Combating Forced Labor and Labor Trafficking of Adults and Children in Ghana and Côte d’Ivoire (FLIP)
This project builds the capacity of the government and businesses to expand and better coordinate ongoing labor trafficking enforcement efforts in Ghana and Côte d'Ivoire. By putting the right tools in the hands of labor inspectors, business owners, workers, and service providers, the project will advance greater supply chain transparency and accountability.
Despite a relatively strong national anti-trafficking legal framework, forced labor and labor trafficking have been documented in a number of key economic sectors in Ghana and Côte d’Ivoire. Government anti-trafficking efforts are limited by a lack of systematic data collection, monitoring and analysis. Meanwhile, private sector efforts to monitor labor practices have for the most part focused narrowly on the prevention of child labor in both countries’ high-profile cocoa industry. Companies, governments and others face the persistent challenge of identifying the point at which grueling or poorly paid work becomes involuntary (forced labor) – and thus violates international standards and national laws.
The project will help law enforcement, private sector due diligence monitors, social service and civil society organizations including workers’ unions, and workers themselves to prevent, detect and eliminate forced labor and labor trafficking in supply chains. By adopting an indicator-based framework developed by the ILO, stakeholders will share a common vocabulary and set of indicators to coordinate anti-labor-trafficking efforts.
The project will leverage the programming and monitoring infrastructure already in place to combat child labor in cocoa and expand its reach to other sectors known to be at risk of using forced labor. FLIP contributes to the development of a common framework on forced labor indicators through creating educational resources on forced labor; offering trainings on forced labor; consulting on the integration of forced labor indicators into monitoring systems; and conducting a Training of Trainers for labor inspectors,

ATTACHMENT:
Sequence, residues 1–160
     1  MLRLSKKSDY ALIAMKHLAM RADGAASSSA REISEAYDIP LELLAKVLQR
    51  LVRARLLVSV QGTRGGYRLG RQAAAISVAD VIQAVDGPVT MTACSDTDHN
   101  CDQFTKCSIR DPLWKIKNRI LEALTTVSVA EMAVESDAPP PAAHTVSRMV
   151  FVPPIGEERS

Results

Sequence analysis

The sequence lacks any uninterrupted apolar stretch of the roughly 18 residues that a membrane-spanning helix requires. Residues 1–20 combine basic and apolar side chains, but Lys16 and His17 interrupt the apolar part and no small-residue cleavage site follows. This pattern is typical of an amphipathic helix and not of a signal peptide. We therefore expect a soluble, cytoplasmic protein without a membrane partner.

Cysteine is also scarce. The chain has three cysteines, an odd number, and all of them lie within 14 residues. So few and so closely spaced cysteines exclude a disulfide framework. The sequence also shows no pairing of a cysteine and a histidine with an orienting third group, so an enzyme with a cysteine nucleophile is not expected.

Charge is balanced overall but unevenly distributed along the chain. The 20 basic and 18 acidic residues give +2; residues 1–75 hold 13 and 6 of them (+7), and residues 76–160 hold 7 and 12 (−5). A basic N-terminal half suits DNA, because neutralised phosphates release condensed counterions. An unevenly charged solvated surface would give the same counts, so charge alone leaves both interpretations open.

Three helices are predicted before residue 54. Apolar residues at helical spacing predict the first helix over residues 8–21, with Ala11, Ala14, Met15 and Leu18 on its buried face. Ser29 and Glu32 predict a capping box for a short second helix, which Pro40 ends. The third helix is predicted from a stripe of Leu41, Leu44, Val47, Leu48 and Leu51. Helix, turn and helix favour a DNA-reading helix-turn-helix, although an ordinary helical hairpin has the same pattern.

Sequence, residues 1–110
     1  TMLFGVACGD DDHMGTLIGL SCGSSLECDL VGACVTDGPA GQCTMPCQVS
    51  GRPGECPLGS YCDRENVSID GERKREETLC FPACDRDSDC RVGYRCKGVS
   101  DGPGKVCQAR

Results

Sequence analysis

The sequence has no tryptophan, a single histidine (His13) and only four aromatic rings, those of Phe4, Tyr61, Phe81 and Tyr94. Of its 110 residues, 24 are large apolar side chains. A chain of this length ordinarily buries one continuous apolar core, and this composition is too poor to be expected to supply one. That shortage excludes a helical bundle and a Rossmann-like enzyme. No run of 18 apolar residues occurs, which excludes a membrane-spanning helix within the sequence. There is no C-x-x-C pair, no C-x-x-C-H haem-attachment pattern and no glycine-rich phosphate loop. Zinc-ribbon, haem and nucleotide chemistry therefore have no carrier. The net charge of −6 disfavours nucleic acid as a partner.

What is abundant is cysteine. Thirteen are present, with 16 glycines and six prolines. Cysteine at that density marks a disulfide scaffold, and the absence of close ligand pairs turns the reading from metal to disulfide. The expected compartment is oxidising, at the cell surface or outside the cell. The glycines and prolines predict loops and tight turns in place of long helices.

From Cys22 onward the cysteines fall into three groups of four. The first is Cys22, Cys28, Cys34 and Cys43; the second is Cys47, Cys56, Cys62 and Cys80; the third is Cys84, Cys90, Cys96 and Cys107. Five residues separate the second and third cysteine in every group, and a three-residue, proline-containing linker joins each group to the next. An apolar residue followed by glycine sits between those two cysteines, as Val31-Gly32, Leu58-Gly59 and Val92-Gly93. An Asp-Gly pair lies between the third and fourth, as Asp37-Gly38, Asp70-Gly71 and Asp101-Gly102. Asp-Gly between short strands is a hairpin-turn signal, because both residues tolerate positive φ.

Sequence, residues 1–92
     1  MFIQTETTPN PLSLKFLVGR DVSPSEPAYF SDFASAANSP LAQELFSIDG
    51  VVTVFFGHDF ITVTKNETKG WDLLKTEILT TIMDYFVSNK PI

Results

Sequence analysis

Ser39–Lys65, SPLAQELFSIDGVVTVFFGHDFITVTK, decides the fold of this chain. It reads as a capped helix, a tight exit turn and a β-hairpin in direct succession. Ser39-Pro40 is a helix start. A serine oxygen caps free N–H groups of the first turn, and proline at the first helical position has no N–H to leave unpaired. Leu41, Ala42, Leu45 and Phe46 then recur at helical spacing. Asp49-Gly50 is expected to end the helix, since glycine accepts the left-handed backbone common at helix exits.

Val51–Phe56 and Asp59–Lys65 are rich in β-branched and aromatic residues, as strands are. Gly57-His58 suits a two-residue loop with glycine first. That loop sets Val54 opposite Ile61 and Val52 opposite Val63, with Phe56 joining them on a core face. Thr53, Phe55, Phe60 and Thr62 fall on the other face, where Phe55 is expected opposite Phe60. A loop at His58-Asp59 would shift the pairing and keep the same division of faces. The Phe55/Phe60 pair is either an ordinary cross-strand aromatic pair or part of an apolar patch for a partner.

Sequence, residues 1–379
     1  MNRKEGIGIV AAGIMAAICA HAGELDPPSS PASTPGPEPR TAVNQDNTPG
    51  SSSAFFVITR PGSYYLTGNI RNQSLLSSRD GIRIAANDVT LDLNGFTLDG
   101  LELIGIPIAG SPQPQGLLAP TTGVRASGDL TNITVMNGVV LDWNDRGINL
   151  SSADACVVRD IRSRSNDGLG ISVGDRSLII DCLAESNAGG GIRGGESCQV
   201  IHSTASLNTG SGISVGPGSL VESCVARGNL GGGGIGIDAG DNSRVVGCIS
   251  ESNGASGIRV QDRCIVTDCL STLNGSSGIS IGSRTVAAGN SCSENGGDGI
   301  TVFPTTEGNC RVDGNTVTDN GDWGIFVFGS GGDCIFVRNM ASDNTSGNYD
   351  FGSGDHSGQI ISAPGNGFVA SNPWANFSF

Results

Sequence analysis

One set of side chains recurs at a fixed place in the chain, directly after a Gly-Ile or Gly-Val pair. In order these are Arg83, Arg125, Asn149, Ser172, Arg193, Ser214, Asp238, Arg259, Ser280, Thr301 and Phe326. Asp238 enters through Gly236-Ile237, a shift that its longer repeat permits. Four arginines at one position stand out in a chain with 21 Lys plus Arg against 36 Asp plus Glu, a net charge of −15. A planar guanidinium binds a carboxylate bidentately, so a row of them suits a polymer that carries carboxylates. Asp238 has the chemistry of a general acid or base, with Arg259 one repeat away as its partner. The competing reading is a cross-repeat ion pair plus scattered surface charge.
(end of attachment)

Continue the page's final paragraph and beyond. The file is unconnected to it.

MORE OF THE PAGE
Project partners will also collect up-to-date qualitative and quantitative data on indicators of forced labor currently present in the cocoa, palm oil, gold mining sectors of Ghana and in the cocoa and coffee sectors of Côte d’Ivoire. This data will be fed into piloting a streamlined approach to forced labor monitoring. FLIP integrates this approach into existing efforts, encouraging coordination among stakeholders and providing labor inspectors with the tools and training they need. Through this integrated approach, the project will promote a scalable, streamlined model for monitoring and enforcement.
Additionally, the project will ensure that national and regional data collection, prevention and remediation efforts are aligned between Ghana and Côte d’Ivoire.
- To date, the project has trained 85 civil society and trade union members, 47 government representatives, and 40 private sector individuals in Ghana on how to identify and assess instances of forced labor.
- The project provides ongoing training to members of civil society, the private sector, trade unions, and governments on how the ILO forced labor indicators approach can be used to prevent, identify, and address forced labor. Those engaged include:
- The Cocoa Sustainability Team of Olam, Ghana;
- A coalition of civil society organizations in Ghana working to support the realization of Sustainable Development Goal 8;
- Leaders of the Ghanaian General Agricultural Workers Union;
- Staff from the Human Trafficking Secretariat of the Ministry of Gender, Children, and Social Protection; and
- Journalists as part of a larger training on child labor convened by the International Cocoa Initiative.